Mine tailings dumped into the sea analysed with synchrotron light

The case of Portmán Bay, at the Spanish Mediterranean coast, is one of the most extreme cases in Europe causing great impact on the marine ecosystem by disposal of mine tailings.

For more than 40 years, 60 million tonnes of mine waste were dumped directly into the sea, resulting from the open pit mining that took place in Sierra Minera in Cartagena. As a consequence, the Bay was literally filled with metal-rich artificial soil. Since 2014, a research group from the University of Barcelona (UB) has been studying Portmán Bay. Now, they have analysed samples of these sediments at ALBA because with synchrotron light they can obtain unprecedented information about the heavy metals contamination, such as arsenic.

Very few people know about Portmán Bay, where took place one of the most extreme cases of coastal ecological impact by mine activity in Europe. Figures speak for itself: the mining company Peñarroya dumped more than 60 million tonnes of mine waste into the sea through a 2km-long pipeline located at the west part of the bay. Over the years, the bay became totally filled with a mountain of artificial sediment. The shoreline moved 600m seaward and the trace of the pollution reached 12km out to sea.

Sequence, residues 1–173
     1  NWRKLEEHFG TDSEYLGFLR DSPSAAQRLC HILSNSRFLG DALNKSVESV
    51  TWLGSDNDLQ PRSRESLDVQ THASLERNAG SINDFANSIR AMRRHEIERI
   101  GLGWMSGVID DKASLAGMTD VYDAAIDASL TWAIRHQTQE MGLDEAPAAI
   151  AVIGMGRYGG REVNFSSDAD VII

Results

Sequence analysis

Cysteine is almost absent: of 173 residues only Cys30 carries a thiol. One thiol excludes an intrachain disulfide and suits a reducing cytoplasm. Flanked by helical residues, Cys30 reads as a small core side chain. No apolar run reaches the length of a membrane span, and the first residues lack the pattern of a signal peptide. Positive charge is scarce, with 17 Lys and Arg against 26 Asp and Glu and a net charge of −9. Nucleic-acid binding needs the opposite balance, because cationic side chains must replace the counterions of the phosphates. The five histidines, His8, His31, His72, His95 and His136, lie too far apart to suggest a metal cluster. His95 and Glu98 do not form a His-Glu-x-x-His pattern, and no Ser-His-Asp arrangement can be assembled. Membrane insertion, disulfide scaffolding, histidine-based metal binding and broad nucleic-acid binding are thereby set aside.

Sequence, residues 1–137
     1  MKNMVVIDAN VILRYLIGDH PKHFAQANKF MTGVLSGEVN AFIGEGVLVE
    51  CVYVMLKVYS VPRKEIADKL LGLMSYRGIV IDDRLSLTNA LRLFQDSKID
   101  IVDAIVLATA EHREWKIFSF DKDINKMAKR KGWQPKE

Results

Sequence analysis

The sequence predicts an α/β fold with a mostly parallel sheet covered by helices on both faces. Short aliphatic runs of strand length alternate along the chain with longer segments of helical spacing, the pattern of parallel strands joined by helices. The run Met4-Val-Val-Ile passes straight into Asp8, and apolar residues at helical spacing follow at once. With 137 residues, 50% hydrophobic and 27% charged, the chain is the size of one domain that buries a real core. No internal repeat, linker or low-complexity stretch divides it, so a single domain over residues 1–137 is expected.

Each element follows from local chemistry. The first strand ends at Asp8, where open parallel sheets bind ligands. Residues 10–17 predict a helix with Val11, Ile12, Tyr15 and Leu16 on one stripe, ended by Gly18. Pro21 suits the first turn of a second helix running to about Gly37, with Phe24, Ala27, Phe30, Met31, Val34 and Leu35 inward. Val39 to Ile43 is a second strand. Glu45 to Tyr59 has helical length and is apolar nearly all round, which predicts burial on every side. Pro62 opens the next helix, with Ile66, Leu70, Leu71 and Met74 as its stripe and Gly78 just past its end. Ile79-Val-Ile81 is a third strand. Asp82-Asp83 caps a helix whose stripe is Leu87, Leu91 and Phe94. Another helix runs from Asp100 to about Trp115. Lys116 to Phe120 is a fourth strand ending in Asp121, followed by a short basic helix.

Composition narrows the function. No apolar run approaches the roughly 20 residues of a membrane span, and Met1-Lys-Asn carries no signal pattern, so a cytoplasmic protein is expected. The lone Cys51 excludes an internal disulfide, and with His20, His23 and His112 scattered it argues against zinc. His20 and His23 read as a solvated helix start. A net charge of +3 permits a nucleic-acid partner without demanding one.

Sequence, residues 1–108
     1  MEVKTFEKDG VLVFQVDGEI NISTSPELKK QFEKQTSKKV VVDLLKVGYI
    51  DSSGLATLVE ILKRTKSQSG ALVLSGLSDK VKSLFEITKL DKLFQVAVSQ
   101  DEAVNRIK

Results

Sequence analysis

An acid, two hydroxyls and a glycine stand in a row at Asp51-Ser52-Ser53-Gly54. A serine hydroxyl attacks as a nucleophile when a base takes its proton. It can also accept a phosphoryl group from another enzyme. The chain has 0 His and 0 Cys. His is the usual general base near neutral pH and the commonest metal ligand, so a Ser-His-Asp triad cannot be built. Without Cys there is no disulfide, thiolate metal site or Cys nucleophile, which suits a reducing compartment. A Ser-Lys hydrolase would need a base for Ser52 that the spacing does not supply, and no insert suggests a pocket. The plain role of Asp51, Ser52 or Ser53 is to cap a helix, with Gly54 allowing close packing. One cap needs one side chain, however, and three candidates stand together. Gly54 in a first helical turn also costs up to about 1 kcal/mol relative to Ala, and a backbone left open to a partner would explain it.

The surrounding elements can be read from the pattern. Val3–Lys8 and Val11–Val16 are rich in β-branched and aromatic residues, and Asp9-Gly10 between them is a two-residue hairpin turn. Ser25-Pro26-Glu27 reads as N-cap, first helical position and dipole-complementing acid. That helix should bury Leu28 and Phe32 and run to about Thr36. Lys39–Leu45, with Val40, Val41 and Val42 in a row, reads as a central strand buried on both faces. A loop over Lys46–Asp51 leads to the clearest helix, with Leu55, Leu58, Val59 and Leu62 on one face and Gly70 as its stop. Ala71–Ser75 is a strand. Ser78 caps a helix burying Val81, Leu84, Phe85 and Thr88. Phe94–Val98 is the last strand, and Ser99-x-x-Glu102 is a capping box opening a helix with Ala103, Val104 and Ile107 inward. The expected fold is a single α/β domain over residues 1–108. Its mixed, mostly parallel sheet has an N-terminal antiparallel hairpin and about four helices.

>Read more on the ALBA website

Image: Miquel Canals putting sample supports, which were specifically designed and printed with 3D technology at ALBA, at the CLAESS beamline to be analysed with synchrotron light; with Carlo Marini, beamline scientist and Andrea Baza, PhD student from UB.